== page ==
Don Boudria

Donald "Don" Boudria, PC (born August 30, 1949) is a former Canadian politician. He served in the Canadian House of Commons from 1984 to 2005 as a member of the Liberal Party of Canada, and was a cabinet minister in the government of Jean Chrétien.

Municipal and Provincial Politics

Boudria was born in Hull, Quebec, raised in Sarsfield, Ontario, and educated in the area, and was a public servant before entering political life. A Franco-Ontarian, he was elected as a councillor in Cumberland Township in 1976, and remained a council member until his election to the Legislative Assembly of Ontario in the 1981 provincial election. Boudria defeated Progressive Conservative incumbent J. Albert Belanger by 5,172 votes in Prescott and Russell, and served in the legislature for three years as a member the Ontario Liberal Party, which was then the official opposition to the Progressive Conservative government of William Davis.

Entry into Federal Politics

He left provincial politics to run for the Canadian House of Commons in the 1984 federal election. Boudria won a convincing victory in Ontario's easternmost riding, Glengarry-Prescott-Russell, even as his party suffered a landslide defeat against Brian Mulroney's Progressive Conservatives. Joining the opposition benches of the Commons in 1984, he became a member of the Liberal Rat Pack with Brian Tobin, Sheila Copps and John Nunziata. This group of young Liberals made it their business to harass the Tories at every possible turn.

Re-election and Cabinet Positions

Boudria was re-elected without difficulty in 1988, 1993, 1997 and 2000. Like the other Rat Pack members, he rose rapidly in the Liberal ranks. From 1991 to 1993, he served as Deputy Liberal House Leader. After the Liberals won a huge majority in 1993, Boudria became a backbencher once again for a time. However, he was appointed as Chief Government Whip on September 15, 1994. He held this position until October 4, 1996, when he was named Minister for International Cooperation and Minister responsible for La Francophonie.

Boudria was named Leader of the Government in the House of Commons after the 1997 election. He retained this position until January 14, 2002, when he was again given a full portfolio as Minister of Public Works and Government Services. In March 2002, he stayed at a weekend resort owned by Groupe Everest, a prominent recipient of departmental funds. The trip was paid for by Boudria's son, and the minister was not directly accused of a conflict of interest. He was nonetheless deemed to have shown poor judgement, and was reassigned as Minister of State and Leader of the Government in the House of Commons on May 26.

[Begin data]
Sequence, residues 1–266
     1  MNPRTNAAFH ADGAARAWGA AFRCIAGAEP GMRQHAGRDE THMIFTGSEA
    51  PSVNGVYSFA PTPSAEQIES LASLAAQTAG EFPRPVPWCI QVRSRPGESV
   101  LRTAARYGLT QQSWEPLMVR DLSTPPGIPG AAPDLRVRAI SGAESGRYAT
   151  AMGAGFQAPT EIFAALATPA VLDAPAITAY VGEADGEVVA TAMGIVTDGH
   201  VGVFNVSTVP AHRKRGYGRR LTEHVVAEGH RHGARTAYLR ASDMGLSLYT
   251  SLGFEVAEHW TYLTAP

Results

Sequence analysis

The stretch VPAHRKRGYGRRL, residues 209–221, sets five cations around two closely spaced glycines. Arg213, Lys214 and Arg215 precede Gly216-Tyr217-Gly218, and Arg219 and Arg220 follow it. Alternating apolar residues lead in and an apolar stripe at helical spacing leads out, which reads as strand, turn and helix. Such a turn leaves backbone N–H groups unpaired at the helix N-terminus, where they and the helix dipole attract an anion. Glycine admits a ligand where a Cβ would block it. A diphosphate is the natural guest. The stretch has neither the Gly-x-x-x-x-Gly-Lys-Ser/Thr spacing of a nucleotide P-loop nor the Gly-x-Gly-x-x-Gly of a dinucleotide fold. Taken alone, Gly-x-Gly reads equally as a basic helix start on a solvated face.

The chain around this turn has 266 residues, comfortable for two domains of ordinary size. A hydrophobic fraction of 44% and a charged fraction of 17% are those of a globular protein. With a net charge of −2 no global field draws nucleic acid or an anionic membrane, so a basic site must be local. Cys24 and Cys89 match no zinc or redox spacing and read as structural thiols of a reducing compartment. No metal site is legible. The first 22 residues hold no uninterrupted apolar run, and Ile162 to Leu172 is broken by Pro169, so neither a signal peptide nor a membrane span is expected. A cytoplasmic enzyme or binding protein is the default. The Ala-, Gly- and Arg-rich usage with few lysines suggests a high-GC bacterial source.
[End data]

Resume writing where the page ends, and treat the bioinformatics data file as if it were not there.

Chrétien Loyalist

Boudria was known within the Liberal caucus as a leading Chrétien loyalist. During Question Period, he frequently handed Chrétien notes from a white binder, a practice that led Reform Party deputy leader Deb Grey to call him "Binder Boy." The nickname stuck. He lost his cabinet position in December 2003 when Paul Martin replaced Chrétien as Liberal leader and prime minister. Subsequently, he was elected chair of the Standing Committee on Official Languages (3rd session of the 37th parliament) and the Standing Committee on Procedure and House Affairs (1st session of the 38th parliament).

On May 6, 2005, Boudria announced he would not run in the next election.

Life after Government

Boudria's memoir, Busboy: From Kitchen to Cabinet, was published in late 2005. In 2006, he assisted Stéphane Dion's campaign for the leadership of the Liberal Party. Boudria joined Ottawa-based public relations agency Hill & Knowlton Canada as a senior associate in May 2006, and was promoted to senior counsellor in March 2007.


External links

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